Surprise is inevitable: How do we train and prepare to make our critical infrastructure more resilient?

David L. Alderson, Rudolph P. Darken, Daniel A. Eisenberg, Thomas P. Seager

Research output: Contribution to journalArticlepeer-review

14 Scopus citations


While current practices for infrastructure currently follow principles of reliability and risk, these are—by necessity—based on knowledge of past events. They are not suited to adapt infrastructure to dramatic change and/or future surprises. In this paper, we propose a research agenda for the development of novel training exercises that complement current approaches by drawing upon a theory of resilience that emphasizes adaptive response to surprise. We argue that experience with surprise in ‘realistic, yet fictitious’ infrastructure systems simulations can improve the capacity of infrastructure managers to sense, anticipate, adapt to, and learn from surprise in virtual crises gaming scenarios when trainees successfully integrate their experiences from simpler to more complex stages of expertise. Virtual platforms that are shareable and extensible to classroom and operational settings might speed this process of integration of experience, and improve success rates among infrastructure managers confronted with surprise.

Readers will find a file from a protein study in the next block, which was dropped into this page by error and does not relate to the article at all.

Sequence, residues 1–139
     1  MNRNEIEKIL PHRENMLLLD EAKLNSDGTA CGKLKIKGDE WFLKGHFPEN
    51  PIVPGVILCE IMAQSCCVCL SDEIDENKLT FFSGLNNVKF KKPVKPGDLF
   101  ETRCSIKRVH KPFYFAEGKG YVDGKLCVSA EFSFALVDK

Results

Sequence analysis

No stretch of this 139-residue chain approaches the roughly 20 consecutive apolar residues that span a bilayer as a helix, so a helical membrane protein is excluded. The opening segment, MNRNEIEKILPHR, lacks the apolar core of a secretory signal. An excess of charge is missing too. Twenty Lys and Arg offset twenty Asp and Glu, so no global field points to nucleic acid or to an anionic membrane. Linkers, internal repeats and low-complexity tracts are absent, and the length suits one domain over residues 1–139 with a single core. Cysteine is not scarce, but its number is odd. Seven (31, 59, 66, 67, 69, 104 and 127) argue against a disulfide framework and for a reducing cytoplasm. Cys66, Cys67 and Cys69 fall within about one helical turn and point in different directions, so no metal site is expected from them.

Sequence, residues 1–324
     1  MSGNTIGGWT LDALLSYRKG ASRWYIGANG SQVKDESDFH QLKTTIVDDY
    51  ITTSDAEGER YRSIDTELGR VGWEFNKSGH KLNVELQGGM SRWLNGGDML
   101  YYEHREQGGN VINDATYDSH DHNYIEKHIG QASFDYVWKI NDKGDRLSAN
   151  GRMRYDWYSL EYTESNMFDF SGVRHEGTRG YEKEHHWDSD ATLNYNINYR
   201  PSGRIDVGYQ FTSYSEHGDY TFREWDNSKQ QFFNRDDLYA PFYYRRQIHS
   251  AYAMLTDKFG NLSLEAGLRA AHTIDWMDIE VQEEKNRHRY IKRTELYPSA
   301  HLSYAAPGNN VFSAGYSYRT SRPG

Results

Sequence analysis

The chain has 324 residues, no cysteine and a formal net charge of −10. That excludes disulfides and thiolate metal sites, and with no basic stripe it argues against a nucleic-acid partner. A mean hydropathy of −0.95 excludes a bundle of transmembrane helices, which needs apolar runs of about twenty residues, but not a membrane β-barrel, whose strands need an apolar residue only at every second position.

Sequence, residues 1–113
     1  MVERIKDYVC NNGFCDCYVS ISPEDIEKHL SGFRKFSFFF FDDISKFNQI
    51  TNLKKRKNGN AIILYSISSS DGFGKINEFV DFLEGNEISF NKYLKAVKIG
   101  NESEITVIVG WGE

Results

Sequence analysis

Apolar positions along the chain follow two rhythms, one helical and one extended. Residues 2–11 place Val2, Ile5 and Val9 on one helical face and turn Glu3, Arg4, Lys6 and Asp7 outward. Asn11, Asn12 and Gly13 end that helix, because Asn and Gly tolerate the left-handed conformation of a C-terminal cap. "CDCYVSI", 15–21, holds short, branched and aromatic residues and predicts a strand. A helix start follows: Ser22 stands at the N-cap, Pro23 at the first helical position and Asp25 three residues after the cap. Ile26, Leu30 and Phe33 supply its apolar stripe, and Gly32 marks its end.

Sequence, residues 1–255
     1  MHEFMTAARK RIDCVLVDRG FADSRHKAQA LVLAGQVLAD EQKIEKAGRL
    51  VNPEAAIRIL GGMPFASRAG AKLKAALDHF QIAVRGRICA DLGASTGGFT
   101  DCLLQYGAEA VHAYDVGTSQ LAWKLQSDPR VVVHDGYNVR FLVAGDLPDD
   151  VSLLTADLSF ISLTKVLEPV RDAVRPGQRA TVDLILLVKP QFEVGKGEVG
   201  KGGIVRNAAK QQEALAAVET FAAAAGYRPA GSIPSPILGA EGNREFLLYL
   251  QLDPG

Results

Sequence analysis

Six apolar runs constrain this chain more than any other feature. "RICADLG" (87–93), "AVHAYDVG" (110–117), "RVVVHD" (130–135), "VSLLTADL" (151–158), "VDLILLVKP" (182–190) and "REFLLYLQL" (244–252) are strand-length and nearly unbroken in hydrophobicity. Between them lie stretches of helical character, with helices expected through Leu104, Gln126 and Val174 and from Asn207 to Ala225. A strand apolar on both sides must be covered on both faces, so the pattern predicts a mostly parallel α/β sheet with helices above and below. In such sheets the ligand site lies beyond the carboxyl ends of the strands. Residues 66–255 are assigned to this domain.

Original languageEnglish (US)
Article number102800
JournalInternational Journal of Disaster Risk Reduction
StatePublished - Apr 1 2022


  • Critical infrastructure
  • Exercises
  • Modeling
  • Resilience
  • Training

ASJC Scopus subject areas

  • Geology
  • Geotechnical Engineering and Engineering Geology
  • Safety Research


Dive into the research topics of 'Surprise is inevitable: How do we train and prepare to make our critical infrastructure more resilient?'. Together they form a unique fingerprint.

Cite this